This was what Jo has been aiming for. The personal, human moment.
If she had been more aggressive and argued with him, Pat said, he would have just sufficed with the political explanation and left. But being actually listened to made him speechless.
But Jo did not only listen. She also told Pat of her father. "Before he left he told me: 'I'm very sorry I killed your father," she remembered.
The two described how confused they both were after that initial meeting. But the confusion did not stand in the way of their convicton in the necessity of the talks, realizing they are at the beginning of a journey for self inquiry.
A cup of tea
Their care for each other is evident. Even when the strain shows on their faces, even when they describe a hard talk the previous evening in a restaurant in Jerusalem's old city, Jo tenderly asks Pat if he enjoyed his lunch. Pat reminds her with gentleness of something she forgot.
It seems that since the first moment they saw each other as human beings, and against all odds, Jo and Pat have perfected the ability to view the other in a complex and human way.
After the first meeting and in light of a decision to conduct further talks and document them for the BBC, Jo decided to tell her three daughters of her plans.
He seven-year-old daughter inadvertently penetrated the root of the conflict when she asked Jo to ask Pat if he did not see "Grandpa Tony" when he planted the bomb.
When she asked Pat, he answered "No." He saw no people there. It was only through his daughter that Pat came to recognize Anthony Berry as a human being.
"Over the course of many meetings a picture built up in my mind of Jo's father. Before he had been like a zero. Now I began to understand this man better," he described.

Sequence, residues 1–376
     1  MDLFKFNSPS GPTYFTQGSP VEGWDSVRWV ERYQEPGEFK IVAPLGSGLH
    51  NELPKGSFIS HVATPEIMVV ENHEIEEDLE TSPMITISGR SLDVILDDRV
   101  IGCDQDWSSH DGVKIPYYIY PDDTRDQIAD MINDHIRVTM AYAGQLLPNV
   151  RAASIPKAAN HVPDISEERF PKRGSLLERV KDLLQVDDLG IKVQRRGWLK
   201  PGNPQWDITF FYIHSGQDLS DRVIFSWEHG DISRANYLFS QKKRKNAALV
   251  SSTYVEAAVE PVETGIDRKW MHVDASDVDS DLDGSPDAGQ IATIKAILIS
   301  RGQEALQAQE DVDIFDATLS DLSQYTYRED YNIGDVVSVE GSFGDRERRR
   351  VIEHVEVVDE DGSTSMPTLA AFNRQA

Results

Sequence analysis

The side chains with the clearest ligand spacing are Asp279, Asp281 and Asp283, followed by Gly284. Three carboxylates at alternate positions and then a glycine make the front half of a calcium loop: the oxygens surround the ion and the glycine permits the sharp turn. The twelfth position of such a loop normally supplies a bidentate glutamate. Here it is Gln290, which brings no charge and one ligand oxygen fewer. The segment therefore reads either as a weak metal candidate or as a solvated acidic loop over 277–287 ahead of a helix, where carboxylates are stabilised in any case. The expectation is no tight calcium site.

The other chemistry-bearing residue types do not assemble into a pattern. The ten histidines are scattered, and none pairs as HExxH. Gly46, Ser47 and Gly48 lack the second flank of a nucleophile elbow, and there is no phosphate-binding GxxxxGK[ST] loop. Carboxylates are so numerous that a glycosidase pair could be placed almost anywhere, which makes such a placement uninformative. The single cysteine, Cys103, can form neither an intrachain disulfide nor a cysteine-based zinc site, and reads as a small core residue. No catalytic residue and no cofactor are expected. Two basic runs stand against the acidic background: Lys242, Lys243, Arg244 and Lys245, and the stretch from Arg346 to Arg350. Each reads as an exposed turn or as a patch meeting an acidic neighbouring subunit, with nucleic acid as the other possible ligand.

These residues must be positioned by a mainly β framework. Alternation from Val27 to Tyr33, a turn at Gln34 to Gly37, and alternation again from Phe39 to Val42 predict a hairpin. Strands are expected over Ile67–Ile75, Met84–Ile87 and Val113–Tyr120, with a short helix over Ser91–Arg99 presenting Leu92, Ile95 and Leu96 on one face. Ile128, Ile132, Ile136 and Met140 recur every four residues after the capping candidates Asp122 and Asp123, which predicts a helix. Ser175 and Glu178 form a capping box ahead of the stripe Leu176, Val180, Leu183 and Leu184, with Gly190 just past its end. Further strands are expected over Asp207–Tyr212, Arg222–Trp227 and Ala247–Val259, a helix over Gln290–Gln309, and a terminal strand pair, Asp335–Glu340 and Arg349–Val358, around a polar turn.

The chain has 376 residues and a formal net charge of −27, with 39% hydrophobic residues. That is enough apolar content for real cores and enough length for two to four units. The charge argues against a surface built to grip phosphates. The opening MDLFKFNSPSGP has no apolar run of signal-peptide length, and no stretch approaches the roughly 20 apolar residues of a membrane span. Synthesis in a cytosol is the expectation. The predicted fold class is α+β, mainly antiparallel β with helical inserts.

"I realized that the qualities that I admired in Jo must have come in some measure from her father. And I killed this man."
Pat explained the process he underwent in the course of the meetings. "Something had happened to me that I didn't think would happen. We had all accused our political enemies of misrepresenting us, of demonizing our struggle and us.
"Suddenly I was in the presence of someone who was really trying to listen. And I think it was at that moment, although I may not have had the words to explain it, that I too, and people like me, were also acting under a reduced view of our enemies."
Jo told how her daughter, ahead of the next meeting, asked her whether Pat really said he was sorry. When she answered positively, she said, her daughter asked her to tell him to make her grandpa come back.
The filming, which started as a private enterprise, became a documentary film which forced Pat and Jo to reveal the secret meetings to their relatives. Though Jo's family was supportive, they did not meet Pat themselves.
The two began holding public meetings and in 2009, marking the 25th anniversary of the bombing, they talked before the British Parliament.
"When we did our first talk in London Pat said at the talk that he now knew that he could sit down with my dad and have a cup of tea," Jo said.
"How much better it would have been if the cup of tea had been there as a possibility before violence was used," she added.
The silenced voice
I met with Jo and Pat at the home of Robi Damelin, a PIBFP activist who lost her son David in 2002, during the second intifada.
A Palestinian sniper, Ta'ar Hamed, shot him while he was guarding a road block in the West Bank.
Hamed killed eight soldiers and two civilians and escaped. He was caught two years later and sentenced to 11 life sentences.
Robi, a spritely and quick-tongued woman from South Africa, is inspired by Jo and Pat's story.
Pat, Robi and Jo (Photo: Ofer Amram)
She wrote Hamed a letter and intends to meet with him. Though his first response was demonstratively political, without a personal tone and with no avenue for reconciliation, he recently agreed to meet with her.
Robi sees the similarities between her story and Jo and Pat's. When they told how they receive the harshest responses from Northern Ireland, she sympathized – in Israel she is ofter called a "traitor."